The Chicago Employment Law Blog

What Wage Records Do Employers Need to Keep?

Employers who fall under the Fair Labor Standards Act (FLSA) are required to maintain certain records regarding the hours worked and wages earned by their employees. Failure to comply with these FLSA recordkeeping requirements could lead to penalties for employers.

For the most part, you may already keep these records as part of your ordinary business practice. These records may be enough to fulfill FLSA recordkeeping requirements, as the government does not mandate a specific form for the records.

The only requirement besides maintaining the information is that the records be accurate, according to the Department of Labor.

Some personal information that an employer must keep on record include the employee's:

  • Full name;
  • Address and ZIP code;
  • Birthdate;
  • Sex; and
  • Occupation.

In addition, employers have to record the specifics of each employee's workweek. This should include:

  • The time and day when the employee's workweek begins;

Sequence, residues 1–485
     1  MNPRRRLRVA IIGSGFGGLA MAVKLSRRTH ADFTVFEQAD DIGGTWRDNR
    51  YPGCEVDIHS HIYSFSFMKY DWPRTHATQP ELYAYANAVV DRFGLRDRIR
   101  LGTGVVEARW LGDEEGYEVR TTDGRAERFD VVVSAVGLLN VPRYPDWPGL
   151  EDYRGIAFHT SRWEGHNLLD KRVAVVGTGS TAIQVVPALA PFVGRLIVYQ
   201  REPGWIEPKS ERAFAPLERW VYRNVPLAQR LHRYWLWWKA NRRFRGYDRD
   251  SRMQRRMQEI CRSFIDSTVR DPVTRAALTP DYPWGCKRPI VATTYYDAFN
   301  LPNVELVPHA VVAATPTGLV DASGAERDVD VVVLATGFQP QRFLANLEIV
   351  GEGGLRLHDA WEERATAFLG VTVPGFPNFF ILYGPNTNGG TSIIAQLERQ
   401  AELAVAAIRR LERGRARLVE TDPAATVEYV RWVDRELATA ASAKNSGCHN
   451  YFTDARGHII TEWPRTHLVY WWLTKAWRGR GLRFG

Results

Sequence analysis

• The hours worked each day;
  • The total hours worked each week;
  • The basis on which employee's wages are paid, such as an hourly rate or at a piecework rate;
  • The employee's regular hourly pay;
  • The employee's total daily or weekly straight-time earnings;
  • The employee's total overtime earnings for the workweek;
  • Additions to or deductions from the employee's wages;
  • The total wages paid out; and
  • The date of payment and the pay period covered.

Employers have to preserve these pay records for at least three years. In addition, documents like time cards, piecework tickets, and work schedules should also be retained. Employers who fail to meet these requirements can face monetary fines and even jail time for repeat and willful violations.

Keep in mind that there may be different recordkeeping requirements for employers in different industries. In addition, you may need to keep certain records longer under other laws specific to your state or locality. You should talk to an employment attorney to learn more about your specific obligations.

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